FDI: Government mobilising numbers, may opt for parliament vote

New Delhi : Faced with deepening political crisis over its decision to allow foreign equity in retailing, the government is now mobilising the numbers before it accepts the opposition’s adjournment motion entailing a vote to end the parliament logjam that continued for the eighth day Thursday, informed sources said.

The sources said the government has stepped up its efforts and is doing some math to manage the floor if the adjournment motion followed by a vote is moved. If it happens, parliament may get back to work from next week, they said.

Prime Minister Manmohan Singh Thursday met the Congress allies in the United Progressive Alliance (UPA) to discuss the issue of Foreign Direct Investment (FDI) in retail they are opposed to.

While many constituents of the ruling combine favour the FDI in retail, key partners Trinamool Congress and the DMK are still insisting on the rollback of the cabinet decision. The two parties at present have 18 MPs each in the Lok Sabha.

Another ruling partner, the Muslim League Kerala State Committee (MLKSC) that is opposed to the decision has two MPs.

Manmohan Singh met leaders of these parties at his official residence to try to iron out the differences. The meeting was attended by Farooq Abdullah of the National Conference, Sudeep Bandyopadhyay of the Trinamool Congress, T.R. Baalu of the DMK and E. Ahamed of the MLKSC, as also Commerce Minister Anand Sharma of the Congress.

The sources said the DMK has already assured the government that it would seek some amendments to the decision but would vote for the government. The Trinamool, however, is a more vocal opponent.

“Our stand remains the same. We want a discussion. But we don’t want the government to fall,” Trinamool Congress leader Sudip Bandopadhyaya told reporters after the meeting with Manmohan Singh. He refused to divulge more details.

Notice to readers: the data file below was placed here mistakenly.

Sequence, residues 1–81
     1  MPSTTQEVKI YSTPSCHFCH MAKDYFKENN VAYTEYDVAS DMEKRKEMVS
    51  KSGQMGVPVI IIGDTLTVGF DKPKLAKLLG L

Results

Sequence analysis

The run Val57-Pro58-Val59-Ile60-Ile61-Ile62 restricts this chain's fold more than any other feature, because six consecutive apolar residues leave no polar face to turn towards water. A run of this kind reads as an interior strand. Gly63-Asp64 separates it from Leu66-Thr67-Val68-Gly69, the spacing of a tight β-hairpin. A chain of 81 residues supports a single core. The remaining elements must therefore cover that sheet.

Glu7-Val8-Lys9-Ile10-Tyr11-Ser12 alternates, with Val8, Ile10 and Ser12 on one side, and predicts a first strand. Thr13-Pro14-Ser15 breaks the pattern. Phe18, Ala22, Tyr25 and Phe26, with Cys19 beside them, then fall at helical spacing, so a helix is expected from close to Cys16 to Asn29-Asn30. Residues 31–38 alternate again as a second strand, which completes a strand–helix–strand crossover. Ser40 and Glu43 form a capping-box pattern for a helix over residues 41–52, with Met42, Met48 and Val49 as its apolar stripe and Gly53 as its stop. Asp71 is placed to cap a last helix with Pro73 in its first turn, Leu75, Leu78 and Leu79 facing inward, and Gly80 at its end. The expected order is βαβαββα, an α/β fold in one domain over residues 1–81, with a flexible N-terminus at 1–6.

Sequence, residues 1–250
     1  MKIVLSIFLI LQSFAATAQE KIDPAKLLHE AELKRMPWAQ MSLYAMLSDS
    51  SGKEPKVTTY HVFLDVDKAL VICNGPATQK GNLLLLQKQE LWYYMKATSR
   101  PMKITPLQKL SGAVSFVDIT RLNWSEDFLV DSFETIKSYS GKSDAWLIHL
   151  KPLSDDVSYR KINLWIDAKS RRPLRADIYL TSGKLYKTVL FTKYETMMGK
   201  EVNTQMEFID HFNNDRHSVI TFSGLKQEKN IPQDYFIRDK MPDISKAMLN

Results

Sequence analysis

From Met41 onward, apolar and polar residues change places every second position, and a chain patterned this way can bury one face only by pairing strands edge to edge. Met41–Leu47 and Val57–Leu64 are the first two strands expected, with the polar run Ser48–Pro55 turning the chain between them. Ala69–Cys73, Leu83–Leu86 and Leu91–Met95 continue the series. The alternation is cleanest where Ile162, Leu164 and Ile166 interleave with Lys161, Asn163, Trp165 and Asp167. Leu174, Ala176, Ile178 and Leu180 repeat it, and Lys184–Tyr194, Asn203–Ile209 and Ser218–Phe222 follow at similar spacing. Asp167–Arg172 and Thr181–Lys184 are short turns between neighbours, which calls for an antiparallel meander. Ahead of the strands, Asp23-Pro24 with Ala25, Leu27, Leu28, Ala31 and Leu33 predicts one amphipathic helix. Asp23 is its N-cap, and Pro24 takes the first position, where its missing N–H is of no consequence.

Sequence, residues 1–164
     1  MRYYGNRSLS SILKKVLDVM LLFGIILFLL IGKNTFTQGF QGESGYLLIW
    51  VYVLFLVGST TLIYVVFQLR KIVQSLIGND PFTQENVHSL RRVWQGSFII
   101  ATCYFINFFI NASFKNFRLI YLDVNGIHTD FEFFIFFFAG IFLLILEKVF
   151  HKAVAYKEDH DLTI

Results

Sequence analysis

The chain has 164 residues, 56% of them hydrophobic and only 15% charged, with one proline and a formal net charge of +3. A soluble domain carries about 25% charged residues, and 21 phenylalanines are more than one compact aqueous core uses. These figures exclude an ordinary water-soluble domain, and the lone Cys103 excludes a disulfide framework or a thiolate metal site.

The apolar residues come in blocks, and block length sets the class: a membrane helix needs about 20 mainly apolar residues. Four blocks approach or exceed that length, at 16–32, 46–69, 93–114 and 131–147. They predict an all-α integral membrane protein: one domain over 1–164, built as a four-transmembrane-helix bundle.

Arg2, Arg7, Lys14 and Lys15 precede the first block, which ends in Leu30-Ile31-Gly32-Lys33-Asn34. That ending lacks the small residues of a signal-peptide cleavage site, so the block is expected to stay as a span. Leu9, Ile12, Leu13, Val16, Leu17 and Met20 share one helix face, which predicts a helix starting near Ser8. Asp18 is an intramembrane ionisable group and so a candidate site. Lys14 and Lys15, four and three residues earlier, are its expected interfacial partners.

But the sources said a compromise formula has been “almost worked out”. While the Mamata Banerjee-led party would continue to oppose the decision, it will abstain from a vote.

With this, the Trinamool would not be seen aligning with the Left and the Bharatiya Janata Party (BJP). And at the same time, it would also not side with the government on this particular issue.

If the Trinamool abstains from the vote, and the DMK favours the government, the numbers in the Lok Sabha will be in favour of the key reforms in the Indian retail sector.

The government is also trying to reach out to the Samajwadi Party that has 22 MPs and the Bahujan Samaj Party which has 21 MPs.

If the two Uttar Pradesh parties agree to walk out or abstain during the vote, the threshold of those present and voting will be brought down. This will make it easier for the government to defeat the motion without the Trinamool Congress.

In the 543-member house, the half-way mark is 272. The government without the Trinamool and with the DMK is likely to manage 264 votes.

If both the SP and the BSP abstain or either of them decides not to participate, the votes against the motion would be brought down decisively in favour of the government.

Since vote on an adjournment motion is not a trust vote, the government would not fall if it loses it but that would mean withdrawing the FDI decision. This would be embarrassing for the government.
IANS

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